Because Newman is a communications major, the Cardinals coaches took him to the David Letterman Communication and Media Building. The deal to get Newman to Muncie was done.
“The coaches knew that school was important to me,” Newman explained. “The facility was bar none the best. They could hold their own local show themselves (and do). It was very impressive, almost breathtaking. They had me sold on the school just having me around on the campus.”
That took care of the academic end of the deal, but Newman still was curious about whom he would be playing alongside and being coached by. He had spent the past four seasons working among future NFL players, and he wasn't quite sure what to expect from the Cardinal players and coaches.
“I'm not a senior in high school, I'm a senior in college,” Newman said. “I'm not looking for bells and whistles. I'm looking for the logistics and the ways that I can get better. I needed to look at the coaches and how they work, the strength coach and the facilities of where I need to get my work done.”
Newman was closest at Notre Dame with Irish strength coach Paul Longo, and he wanted a similar situation in Muncie. He has received that from Cardinals strength coach David Feeley.
“He is very passionate and intense,” Newman said of Feeley. “I feel like passion is one of those things that get lost among the qualities of people when it comes to this sport. Coach Feeley is very passionate about the game and making people better.”
Newman had a sense that he would be coached well by the Ball State staff, but again, after competing among future NFL Draft selections for the past four seasons, he was still curious about what level of commitment and talent that he would get from his Cardinals teammates. So far this summer, so good.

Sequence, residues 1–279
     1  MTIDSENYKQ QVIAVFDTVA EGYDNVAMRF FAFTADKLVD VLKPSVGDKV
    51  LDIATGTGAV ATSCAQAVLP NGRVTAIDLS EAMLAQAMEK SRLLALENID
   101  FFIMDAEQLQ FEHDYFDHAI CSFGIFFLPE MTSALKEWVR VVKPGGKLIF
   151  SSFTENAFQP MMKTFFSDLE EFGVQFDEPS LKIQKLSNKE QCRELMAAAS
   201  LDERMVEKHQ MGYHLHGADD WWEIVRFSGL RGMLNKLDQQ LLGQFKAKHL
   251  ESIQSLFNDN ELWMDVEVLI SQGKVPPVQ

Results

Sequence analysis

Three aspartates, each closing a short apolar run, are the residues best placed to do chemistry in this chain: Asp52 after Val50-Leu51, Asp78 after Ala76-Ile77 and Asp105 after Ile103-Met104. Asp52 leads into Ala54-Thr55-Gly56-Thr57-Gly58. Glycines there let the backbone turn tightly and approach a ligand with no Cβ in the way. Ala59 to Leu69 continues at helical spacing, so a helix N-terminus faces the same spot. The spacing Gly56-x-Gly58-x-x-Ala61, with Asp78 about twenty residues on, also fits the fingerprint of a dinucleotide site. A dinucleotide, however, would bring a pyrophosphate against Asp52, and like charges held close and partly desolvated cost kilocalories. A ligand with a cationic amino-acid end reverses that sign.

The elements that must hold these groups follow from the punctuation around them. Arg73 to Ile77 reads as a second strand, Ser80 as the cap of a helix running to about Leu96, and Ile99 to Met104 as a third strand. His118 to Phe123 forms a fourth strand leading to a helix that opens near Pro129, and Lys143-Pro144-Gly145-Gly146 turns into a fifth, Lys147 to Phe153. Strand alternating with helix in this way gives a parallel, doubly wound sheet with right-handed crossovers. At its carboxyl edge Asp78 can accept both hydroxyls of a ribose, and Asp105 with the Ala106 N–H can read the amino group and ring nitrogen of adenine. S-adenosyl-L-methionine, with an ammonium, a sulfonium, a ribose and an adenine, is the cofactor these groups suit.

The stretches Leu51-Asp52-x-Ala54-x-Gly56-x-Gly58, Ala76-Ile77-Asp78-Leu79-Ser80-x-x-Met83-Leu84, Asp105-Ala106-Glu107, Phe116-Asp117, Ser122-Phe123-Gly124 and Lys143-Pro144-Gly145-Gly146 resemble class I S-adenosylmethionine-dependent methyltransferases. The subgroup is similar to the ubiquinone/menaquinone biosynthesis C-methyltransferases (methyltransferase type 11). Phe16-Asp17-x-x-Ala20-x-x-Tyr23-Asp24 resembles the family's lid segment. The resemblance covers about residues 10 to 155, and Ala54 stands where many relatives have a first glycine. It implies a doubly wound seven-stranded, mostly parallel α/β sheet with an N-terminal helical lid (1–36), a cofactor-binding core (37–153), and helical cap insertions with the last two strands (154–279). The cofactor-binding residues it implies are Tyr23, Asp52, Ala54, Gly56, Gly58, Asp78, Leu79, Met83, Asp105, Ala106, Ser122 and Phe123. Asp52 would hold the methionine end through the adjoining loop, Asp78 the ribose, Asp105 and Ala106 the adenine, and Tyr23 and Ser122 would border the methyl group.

“I wondered what kind of look that I was going to get in practice so that I could get ready to play in these games,” Newman said. “One thing that coach Longo told me when I was leaving was that there was going to be about 35 guys (at Ball State) that could play at Notre Dame. It just didn't happen for them for whatever reason. I don't see how this team isn't the most dominating team in the (Mid-American Conference). What's missing? These guys are so talented.”
Many aspects of the Cardinals program have impressed Newman, but perhaps none more so than the players' work ethic.
“At Notre Dame, there are a lot of guys that have that God-given size and even God-give instincts when it comes to the football field,” Newman said. “(The Ball State) guys don't have that, but because of that, they are one of the hardest-working football teams I've seen. These guys work so hard. These guys work so hard, and that was an adjustment for me. Not that we didn't work hard at Notre Dame, we did. But these guys are firing on all cylinders all of the time. There is no rest for them because they know, that is what they need.”